WHAT IS GARROTXA?
This semi-hard queso is made from the pasteurized milk of Murciana goats (though cow’s milk is sometimes used as well). Garrotxa is aged on average for 1 to 2 months in the Pyrenees mountains. The rind has a light grey mold covering a creamy and crumbly interior. Think of this cheese as the Spanish Basque cousin to the French Ossau Iraty.
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WHERE IS GARROTXA MADE?
Catalonia is located in northeastern Spain near the border of France. So depending on the most recent election this is either a Spanish or Catalonian cheese. Catalonia is home to Barcelona as well as a thriving agricultural sector. In general it is one of the most expensive regions in which to live.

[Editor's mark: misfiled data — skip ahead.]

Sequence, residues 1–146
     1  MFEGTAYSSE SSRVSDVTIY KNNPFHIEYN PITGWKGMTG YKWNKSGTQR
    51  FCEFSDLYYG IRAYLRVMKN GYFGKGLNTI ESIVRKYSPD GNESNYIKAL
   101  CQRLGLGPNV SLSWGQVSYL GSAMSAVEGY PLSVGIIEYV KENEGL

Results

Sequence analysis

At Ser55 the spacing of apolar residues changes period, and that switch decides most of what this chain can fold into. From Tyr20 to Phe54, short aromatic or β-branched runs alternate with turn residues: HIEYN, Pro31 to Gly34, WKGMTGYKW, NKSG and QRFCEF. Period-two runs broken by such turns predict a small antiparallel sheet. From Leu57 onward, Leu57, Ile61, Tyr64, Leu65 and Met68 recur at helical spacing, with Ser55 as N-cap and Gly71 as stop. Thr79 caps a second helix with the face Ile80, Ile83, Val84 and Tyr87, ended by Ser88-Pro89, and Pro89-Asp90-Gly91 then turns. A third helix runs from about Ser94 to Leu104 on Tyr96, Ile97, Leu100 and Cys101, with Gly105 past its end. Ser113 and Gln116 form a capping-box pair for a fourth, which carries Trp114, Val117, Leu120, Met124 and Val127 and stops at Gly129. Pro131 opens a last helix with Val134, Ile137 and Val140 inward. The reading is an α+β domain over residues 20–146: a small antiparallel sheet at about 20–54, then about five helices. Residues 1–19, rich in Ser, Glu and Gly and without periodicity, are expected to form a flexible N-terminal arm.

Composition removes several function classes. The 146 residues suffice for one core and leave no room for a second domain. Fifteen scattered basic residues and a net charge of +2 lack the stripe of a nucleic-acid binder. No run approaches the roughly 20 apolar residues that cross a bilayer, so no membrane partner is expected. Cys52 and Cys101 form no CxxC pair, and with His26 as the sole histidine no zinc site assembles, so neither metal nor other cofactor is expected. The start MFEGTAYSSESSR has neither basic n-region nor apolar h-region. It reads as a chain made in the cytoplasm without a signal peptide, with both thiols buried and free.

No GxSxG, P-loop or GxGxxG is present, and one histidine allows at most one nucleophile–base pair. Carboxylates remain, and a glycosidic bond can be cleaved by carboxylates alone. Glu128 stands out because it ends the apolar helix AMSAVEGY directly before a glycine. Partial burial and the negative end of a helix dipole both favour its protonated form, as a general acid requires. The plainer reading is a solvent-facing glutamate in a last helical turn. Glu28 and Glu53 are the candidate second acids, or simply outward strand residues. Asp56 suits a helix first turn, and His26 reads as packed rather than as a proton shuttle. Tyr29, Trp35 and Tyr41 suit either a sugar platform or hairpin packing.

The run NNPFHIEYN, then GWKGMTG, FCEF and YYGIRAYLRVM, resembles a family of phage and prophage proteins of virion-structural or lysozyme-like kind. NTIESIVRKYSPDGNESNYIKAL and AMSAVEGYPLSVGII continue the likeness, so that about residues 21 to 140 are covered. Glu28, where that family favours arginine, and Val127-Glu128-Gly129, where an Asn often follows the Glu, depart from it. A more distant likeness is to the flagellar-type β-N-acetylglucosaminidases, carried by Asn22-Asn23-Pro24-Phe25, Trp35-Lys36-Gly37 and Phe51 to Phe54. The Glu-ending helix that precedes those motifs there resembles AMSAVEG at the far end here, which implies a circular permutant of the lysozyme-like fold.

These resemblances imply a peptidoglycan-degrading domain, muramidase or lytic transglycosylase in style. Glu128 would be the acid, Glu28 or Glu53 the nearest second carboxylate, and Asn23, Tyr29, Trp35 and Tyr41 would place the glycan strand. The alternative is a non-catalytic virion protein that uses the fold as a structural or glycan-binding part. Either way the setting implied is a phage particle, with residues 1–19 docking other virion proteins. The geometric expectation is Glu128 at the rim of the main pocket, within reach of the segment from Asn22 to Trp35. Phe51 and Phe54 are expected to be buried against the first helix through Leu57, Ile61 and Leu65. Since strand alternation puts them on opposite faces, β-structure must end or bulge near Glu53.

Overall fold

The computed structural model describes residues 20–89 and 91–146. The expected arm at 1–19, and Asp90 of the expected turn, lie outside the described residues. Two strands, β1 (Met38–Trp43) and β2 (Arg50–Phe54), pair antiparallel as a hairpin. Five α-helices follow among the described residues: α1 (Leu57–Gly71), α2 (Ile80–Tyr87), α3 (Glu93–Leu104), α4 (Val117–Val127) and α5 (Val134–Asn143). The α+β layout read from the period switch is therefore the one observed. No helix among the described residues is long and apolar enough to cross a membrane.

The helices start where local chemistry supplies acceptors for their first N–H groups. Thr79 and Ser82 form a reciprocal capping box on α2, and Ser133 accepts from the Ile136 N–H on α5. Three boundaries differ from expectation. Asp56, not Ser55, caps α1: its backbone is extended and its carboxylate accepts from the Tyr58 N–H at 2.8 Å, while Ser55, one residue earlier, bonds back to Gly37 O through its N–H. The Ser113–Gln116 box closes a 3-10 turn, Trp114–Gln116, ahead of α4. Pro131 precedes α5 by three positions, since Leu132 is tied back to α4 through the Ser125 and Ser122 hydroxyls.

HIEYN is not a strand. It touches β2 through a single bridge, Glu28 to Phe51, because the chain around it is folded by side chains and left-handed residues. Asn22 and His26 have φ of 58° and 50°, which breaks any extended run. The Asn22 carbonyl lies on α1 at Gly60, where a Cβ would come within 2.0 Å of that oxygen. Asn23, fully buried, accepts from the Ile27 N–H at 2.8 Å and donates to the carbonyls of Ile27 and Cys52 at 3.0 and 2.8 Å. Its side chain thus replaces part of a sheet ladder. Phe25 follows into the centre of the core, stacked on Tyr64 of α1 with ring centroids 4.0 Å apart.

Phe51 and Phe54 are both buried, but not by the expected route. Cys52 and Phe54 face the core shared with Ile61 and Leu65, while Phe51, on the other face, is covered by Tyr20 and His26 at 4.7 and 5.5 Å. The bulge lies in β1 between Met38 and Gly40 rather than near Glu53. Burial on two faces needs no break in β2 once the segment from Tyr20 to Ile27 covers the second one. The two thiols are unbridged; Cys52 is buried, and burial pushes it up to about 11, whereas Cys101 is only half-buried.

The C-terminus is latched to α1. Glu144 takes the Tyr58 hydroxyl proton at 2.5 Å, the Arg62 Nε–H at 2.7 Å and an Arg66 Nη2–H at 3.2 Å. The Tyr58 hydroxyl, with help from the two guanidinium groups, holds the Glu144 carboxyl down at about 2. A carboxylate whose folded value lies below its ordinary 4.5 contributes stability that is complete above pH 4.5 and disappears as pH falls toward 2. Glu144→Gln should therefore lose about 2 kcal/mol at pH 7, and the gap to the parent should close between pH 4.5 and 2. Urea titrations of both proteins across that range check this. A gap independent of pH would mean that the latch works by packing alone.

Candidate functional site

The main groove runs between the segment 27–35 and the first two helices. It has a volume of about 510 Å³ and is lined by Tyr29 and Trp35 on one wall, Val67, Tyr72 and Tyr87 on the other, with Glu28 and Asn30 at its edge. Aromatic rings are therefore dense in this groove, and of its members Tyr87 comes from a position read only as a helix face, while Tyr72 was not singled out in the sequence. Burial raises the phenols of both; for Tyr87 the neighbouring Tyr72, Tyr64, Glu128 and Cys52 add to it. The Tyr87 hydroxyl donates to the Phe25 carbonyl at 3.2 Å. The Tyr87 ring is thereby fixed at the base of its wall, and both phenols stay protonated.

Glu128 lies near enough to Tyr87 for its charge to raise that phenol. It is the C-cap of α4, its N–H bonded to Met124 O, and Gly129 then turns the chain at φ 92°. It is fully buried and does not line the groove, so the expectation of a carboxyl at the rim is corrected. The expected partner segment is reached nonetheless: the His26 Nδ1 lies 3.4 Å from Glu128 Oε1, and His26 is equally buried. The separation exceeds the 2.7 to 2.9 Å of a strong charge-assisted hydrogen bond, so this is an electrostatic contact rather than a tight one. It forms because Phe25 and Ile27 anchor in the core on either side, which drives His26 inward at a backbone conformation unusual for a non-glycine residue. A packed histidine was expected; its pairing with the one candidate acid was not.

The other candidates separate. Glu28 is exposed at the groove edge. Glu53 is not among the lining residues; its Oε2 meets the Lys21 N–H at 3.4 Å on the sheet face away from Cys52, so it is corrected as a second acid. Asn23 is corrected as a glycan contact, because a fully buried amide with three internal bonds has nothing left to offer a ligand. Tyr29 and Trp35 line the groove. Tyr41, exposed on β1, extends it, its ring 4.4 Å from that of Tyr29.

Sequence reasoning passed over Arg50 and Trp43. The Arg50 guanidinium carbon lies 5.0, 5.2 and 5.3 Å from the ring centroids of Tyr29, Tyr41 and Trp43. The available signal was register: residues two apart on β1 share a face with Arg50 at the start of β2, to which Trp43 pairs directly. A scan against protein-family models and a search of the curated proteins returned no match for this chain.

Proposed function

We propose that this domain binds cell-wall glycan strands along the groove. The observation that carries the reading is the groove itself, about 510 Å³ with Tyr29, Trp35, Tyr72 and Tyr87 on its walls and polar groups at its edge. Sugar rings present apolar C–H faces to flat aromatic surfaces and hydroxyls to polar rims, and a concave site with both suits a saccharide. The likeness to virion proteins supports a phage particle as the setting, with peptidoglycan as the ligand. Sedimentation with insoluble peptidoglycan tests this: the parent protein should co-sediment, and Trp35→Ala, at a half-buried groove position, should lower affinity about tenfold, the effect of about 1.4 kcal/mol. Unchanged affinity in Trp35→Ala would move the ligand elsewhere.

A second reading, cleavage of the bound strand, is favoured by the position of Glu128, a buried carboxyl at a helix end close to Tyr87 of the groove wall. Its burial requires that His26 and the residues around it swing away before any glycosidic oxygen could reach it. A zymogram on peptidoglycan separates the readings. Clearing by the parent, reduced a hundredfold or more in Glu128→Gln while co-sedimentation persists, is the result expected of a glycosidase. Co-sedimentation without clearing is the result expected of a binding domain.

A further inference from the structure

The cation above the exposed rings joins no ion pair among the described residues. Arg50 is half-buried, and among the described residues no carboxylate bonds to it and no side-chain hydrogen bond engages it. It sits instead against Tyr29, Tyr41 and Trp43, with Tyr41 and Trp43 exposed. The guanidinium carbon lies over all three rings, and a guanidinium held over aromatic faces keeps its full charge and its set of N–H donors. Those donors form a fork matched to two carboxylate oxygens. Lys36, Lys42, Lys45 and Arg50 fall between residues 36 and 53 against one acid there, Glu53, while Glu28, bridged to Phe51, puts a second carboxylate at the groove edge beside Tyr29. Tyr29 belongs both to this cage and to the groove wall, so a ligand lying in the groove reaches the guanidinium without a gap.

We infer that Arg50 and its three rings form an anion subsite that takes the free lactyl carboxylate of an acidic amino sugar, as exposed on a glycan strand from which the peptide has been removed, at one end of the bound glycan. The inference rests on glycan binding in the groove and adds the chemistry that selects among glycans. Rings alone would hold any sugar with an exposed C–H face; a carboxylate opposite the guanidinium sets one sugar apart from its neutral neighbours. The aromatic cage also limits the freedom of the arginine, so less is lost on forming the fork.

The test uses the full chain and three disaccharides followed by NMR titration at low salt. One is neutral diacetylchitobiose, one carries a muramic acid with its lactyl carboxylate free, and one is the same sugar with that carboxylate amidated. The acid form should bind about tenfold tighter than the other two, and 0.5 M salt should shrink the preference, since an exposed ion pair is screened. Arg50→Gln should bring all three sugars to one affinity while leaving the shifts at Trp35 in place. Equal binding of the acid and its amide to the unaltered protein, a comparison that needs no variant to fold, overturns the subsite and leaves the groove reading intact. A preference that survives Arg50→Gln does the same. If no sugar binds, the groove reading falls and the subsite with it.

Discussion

IF JURASSIC PARK WAS A DAIRY, GARROTXA WOULD BE ITS’ T-REX!
This cheese was pretty much extinct by the early 1980’s. But a few rebellious young cheese makers came along. Much like with Cantal, they revived the production of this cheese. Under General Franco’s rule of Spain, many smaller Spanish dairies had gone out of business. This led to a reduction in the artisanal production of cheeses like Garrotxa. With the General’s passing though, and thanks to the work of Senor Eric Canut, this queso is now a popular among artisanal Catalonian farmers.
WHAT CAN I PAIR THIS QUESO WITH?
Chardonnay or Pinot wines work well. Garrotxa is a great side to a Spanish cured hams like Serrano, along with some nuts, honey and perhaps even a hard cider or Heferweissen beer! For a Spanish cheese flight, go with classics like Roncal and Manchego. Or for more of an international tour, try an Italian Pamesan Reggiano and an American Humboldt Fog.